Roses have quite the diva reputation — demanding hours of sunlight, well-drained soil, continual watchfulness for pests, beetles and bugs, mildew and black spot. Lots of bother, to be sure, but oh, the rewards.
Just ask gardener Chris Van Cleave, a rose authority with more than 150 rose bushes in his backyard.
“I tell folks to just enjoy roses,” Van Cleave said. “People get uptight about gardening, but they don’t need to be. When the roses bloom, enjoy them and share them with those around you.”
Van Cleave is the author of the Redneck Rosarian blog and gardens in Birmingham, Ala., and his techniques can be used by rose gardeners all over the U.S.
The first step to becoming a rose gardener is to decide what you want from the roses, Van Cleave says.
Do you want color? Fragrance? Hybrid tea roses are florist favorites known for their perfume and brilliant colors, but require more attention than other varieties.
Floribunda roses combine the color and fragrance of tea roses in sturdy shrubs; they produce multiple blooms on each stem. Low-maintenance Knock-Out Roses are the most popular shrub rose, with prolific blooms. They are disease- and pest-resistant, but do not carry a fragrance.
There are also climbing varieties, suitable for placing in containers alongside an arbor or trellis. Miniature roses are a good choice for containers, too.
Next comes location. For maximum bloom, roses require about six hours of sunlight each day, preferably morning light. While southern and western exposures will work, an eastern exposure is ideal.
If your yard is not suited for a rose bed, consider container plantings for roses. Just remember that with the larger varieties, you need to be mindful of depth. A typical rose bed is 15 to 18 inches deep.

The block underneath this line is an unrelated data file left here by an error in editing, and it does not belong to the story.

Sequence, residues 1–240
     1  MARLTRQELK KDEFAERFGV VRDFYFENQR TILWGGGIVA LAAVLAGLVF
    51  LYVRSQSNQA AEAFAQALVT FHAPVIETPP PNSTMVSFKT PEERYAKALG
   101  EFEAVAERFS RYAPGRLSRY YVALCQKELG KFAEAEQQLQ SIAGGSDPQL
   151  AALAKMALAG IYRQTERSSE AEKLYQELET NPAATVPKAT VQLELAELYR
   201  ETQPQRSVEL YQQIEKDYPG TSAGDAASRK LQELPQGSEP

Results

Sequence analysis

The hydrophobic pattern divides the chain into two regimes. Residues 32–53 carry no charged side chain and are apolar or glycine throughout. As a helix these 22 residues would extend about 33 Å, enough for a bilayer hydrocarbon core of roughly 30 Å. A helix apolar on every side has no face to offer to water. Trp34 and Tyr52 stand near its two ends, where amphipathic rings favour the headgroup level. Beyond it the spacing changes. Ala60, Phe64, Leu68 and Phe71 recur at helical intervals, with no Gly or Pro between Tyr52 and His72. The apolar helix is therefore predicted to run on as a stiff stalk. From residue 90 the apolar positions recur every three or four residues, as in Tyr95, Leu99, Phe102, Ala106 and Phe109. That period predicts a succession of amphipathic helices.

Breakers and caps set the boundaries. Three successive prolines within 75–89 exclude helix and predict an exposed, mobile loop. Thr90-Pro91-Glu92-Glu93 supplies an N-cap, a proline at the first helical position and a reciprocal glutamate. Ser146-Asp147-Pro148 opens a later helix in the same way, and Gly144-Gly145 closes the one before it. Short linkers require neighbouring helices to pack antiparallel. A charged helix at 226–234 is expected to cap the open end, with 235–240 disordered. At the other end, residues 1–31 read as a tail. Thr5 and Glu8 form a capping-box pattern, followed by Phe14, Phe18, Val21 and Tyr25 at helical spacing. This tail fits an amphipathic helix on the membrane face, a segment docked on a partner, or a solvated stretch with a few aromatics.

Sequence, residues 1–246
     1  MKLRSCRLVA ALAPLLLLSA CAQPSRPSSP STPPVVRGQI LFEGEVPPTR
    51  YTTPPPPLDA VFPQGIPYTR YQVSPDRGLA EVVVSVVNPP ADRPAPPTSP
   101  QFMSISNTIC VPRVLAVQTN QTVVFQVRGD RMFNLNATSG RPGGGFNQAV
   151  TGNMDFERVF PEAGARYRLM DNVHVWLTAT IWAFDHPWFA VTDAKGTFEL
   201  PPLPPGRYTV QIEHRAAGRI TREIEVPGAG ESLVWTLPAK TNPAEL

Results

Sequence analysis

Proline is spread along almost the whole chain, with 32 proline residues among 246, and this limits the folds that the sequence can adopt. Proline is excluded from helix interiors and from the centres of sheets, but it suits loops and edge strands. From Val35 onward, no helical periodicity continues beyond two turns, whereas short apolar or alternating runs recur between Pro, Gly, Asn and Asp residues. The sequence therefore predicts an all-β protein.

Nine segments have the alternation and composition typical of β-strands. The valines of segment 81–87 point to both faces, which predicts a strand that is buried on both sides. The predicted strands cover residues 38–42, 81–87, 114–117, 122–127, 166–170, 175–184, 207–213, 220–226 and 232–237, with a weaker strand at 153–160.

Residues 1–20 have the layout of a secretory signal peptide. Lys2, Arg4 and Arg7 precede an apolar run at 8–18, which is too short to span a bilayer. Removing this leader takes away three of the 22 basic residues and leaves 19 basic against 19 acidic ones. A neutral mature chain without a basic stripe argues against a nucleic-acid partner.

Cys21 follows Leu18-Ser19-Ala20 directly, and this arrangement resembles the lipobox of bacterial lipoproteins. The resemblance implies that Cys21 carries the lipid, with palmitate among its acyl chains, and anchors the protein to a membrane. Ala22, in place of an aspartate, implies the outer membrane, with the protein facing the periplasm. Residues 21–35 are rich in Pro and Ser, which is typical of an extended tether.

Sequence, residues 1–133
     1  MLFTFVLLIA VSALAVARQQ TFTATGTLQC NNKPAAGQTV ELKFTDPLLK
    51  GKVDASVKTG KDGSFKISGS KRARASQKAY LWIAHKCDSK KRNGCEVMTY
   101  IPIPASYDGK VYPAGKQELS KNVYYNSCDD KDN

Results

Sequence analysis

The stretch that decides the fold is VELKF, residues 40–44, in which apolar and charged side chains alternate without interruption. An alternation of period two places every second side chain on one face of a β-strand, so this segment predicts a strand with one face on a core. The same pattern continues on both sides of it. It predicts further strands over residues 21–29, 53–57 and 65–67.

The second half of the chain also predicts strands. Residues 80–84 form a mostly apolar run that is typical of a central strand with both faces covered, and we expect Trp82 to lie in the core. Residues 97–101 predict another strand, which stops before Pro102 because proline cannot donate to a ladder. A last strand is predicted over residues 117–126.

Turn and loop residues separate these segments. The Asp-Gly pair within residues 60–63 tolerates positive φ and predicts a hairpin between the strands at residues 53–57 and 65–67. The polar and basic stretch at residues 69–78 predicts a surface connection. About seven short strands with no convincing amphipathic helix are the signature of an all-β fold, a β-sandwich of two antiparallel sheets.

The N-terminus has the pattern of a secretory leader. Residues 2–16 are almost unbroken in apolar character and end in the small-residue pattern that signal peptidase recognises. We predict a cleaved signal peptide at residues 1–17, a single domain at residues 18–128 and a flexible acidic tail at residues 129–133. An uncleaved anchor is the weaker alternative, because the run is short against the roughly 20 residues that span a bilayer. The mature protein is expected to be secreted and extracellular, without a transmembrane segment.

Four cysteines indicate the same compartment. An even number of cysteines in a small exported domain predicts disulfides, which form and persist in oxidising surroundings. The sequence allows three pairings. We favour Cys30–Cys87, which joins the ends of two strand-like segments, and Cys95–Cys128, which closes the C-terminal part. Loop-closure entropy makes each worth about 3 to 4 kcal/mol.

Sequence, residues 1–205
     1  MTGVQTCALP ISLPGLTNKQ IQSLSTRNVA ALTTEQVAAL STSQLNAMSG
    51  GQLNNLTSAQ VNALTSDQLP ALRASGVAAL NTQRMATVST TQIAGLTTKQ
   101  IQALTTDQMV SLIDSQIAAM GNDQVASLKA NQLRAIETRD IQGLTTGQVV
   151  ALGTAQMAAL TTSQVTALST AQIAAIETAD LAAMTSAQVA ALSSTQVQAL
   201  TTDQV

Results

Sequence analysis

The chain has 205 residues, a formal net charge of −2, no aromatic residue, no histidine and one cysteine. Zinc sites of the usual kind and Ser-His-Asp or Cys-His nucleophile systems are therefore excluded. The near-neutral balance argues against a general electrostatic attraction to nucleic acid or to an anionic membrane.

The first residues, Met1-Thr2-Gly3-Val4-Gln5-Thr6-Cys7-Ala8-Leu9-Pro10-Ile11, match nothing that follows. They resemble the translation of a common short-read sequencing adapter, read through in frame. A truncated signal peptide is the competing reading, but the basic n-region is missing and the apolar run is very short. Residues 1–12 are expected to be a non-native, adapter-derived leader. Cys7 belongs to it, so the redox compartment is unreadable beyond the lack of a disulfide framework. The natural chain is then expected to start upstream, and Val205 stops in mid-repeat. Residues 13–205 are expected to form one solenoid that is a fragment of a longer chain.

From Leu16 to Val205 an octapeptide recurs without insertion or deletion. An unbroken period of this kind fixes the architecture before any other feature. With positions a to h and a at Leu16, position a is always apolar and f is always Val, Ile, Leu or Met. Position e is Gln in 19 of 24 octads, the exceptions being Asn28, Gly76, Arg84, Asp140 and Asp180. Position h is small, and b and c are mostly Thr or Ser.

The Rumblestone 90-Degree Planter provides plenty of room to show off larger rose varieties such as hybrid teas or floribundas in Home Depot’s Vigoro brand. Save compact floribundas and mini roses for smaller containers such as the DIY Paver Planter.
Roses play well with other plants that have the same sunlight and watering requirements. Look for low-growing plants that will shade roots, but also allow for air flow throughout the rose bush.
Van Cleave recommends planting with perennial herbs such as lavender. For annuals, choose begonias and marigolds.
Roses are sold bare root in winter, and in containers beginning in spring. When planting roses, either in beds or containers, Van Cleave recommends a soil mixture made up of equal parts composted manure, top soil and pine bark mini nuggets.
Care and maintenance of roses:
- When it’s time to plant, shake loose the rose’s roots, fill the container with the soil mixture, then top dress with more pine bark mini nuggets. The nuggets will disintegrate in the composted manure.
- Prune in early spring. Here, Van Cleave follows the three D’s: trim all diseased, dead and damaged branches and cut all remaining branches by two-thirds.
- Fertilize regularly (about every six weeks) with a liquid 10-10-10 fertilizer. Van Cleave sometimes applies manure tea or alfalfa tea, and a top dressing of composted manure to his roses.
- Water two to three times a week. In hot, dry weather, roses may need more water.
When it’s time to cut roses, keep in mind these tips from Van Cleave:
- Cut early in the day before the sun is too high.
- Use bypass pruners for clean cuts.
- Once inside, prepare containers with a mix of equal parts water and lemon-lime soda.
- Cut the stems a second time before placing in containers.
- Recut the stems every two days.
Roses will last up to 10 days using this method, Van Cleave says.